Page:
Afternotes:

1. Berlinerblau adorns his essay with a choice literary quote:

The flesh would shrink and go, the blood would dry, but no one believes in his mind of minds or heart of hearts that the pictures do stop.

—Saul Bellow, Ravelstei

2. Christopher Benson reviews the Casey book, together with A Very Brief History of Eternity, by Carlos Eire, for the Christian periodical Books and Culture. Benson titles his review “Without End—Changing conceptions of the afterlife.” Indeed.

***

What do you think?

  1. What is the best evidence for an afterlife?
  2. If you believe in an afterlife, what will it be like?
  3. What is the best argument that there is no afterlife?
  4. Would there have to be a God for there to be an afterlife?
  5. Are you hoping for an afterlife?
  6. Are you expecting an afterlife?
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About Doug Geivett
University Professor; PhD in philosophy; author; conference speaker. Hobbies include motorcycling, travel, kayaking, sailing.

6 Responses to Dodgy Ruminations about an Afterlife

  1. Ron Krumpos says:

    Few people, of any age or state of health, want to even consider their own death. All of us, however, realize that death is inevitable. Consider its definitions: death is only the end of this life and the demise of this body. Unless you believe it is The End, death is also the threshold of a new beginning. How many possibilities follow this life? Few people have been so good that they have earned eternal paradise; fewer want to go to a place where they must receive punishments for their sins. Those who do believe in resurrection of their body hope that it will be not be in its final form. Few people really want to continue to be born again and live more human lives; fewer want to be reborn in a non-human form. If you are not quite certain you want to seek divine oneness, consider the alternatives. Lives are different; why not afterlives? Beliefs might become true.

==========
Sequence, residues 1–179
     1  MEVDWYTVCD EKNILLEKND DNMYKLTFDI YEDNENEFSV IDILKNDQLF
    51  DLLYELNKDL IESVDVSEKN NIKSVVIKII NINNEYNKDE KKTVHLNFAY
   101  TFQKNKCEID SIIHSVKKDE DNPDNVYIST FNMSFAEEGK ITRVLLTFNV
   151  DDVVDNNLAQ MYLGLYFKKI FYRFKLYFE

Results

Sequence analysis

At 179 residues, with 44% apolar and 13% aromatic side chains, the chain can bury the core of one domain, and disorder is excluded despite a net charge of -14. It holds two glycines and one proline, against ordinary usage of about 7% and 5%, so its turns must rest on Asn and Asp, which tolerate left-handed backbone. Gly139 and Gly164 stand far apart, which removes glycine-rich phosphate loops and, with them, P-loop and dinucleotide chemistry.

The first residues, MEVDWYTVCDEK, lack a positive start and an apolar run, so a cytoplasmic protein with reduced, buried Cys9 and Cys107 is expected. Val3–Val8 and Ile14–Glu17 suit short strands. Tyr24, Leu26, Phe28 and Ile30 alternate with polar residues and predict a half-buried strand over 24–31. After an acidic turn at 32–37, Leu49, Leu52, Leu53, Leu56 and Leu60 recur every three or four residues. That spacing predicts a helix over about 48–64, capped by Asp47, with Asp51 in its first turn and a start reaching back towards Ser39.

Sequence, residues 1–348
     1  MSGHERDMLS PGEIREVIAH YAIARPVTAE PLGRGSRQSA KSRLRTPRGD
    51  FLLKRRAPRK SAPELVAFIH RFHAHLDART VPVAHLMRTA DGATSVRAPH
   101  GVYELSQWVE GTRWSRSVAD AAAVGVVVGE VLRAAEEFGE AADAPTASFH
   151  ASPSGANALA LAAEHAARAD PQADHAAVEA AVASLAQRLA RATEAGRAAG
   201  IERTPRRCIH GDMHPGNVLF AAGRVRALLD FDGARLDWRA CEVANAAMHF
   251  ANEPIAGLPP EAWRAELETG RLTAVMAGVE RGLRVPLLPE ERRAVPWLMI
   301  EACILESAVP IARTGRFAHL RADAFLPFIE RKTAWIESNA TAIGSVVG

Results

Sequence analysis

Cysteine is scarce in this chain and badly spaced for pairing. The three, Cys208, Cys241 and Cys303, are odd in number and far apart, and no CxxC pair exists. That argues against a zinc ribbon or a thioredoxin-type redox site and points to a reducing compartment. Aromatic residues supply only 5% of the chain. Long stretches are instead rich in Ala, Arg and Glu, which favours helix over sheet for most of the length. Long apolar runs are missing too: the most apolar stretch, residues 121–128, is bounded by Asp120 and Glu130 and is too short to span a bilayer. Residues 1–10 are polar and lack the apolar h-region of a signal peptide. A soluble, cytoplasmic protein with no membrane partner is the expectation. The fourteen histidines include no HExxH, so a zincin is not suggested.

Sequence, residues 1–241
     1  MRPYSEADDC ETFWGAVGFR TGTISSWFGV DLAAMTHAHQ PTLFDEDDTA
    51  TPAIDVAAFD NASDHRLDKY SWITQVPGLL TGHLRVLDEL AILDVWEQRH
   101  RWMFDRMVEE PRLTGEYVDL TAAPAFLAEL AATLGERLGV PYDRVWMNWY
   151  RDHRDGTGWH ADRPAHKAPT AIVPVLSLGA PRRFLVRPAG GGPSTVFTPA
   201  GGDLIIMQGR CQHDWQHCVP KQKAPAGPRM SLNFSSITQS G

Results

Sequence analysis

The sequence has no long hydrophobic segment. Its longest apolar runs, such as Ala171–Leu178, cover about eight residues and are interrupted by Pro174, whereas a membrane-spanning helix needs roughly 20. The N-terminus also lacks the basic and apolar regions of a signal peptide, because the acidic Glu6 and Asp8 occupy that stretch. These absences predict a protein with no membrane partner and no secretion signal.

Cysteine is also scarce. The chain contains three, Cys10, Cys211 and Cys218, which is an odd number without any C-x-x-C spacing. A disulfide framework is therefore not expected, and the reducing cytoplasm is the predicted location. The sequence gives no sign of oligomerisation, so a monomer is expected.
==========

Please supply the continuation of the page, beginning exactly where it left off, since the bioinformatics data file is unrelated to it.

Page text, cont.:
This short life is just a speck in time; it is important to us because it now seems to be our speck. Look beyond yesterday, today and tomorrow, beyond Earth’s 4.5 billion years: consider eternity.

    (from my e-book at http://www.suprarational.org on comparative mysticism)

    Like

  2. Dante says:

    That’s great, thanks sir.

    Like

  3. Doug Geivett says:

    Dante, you may want to Google research that my friend, Gary Habermas, has done on NDEs. He believes the evidence of NDEs is both interesting and impressive. He’s a first-rate Christian scholar.

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  4. Dante says:

    Hi Sir,

    I have never thought of it that way. I realized that I need to look at NDE cases or claims more carefully. Your thoughts are very helpful and cleared things up for me. Thank you.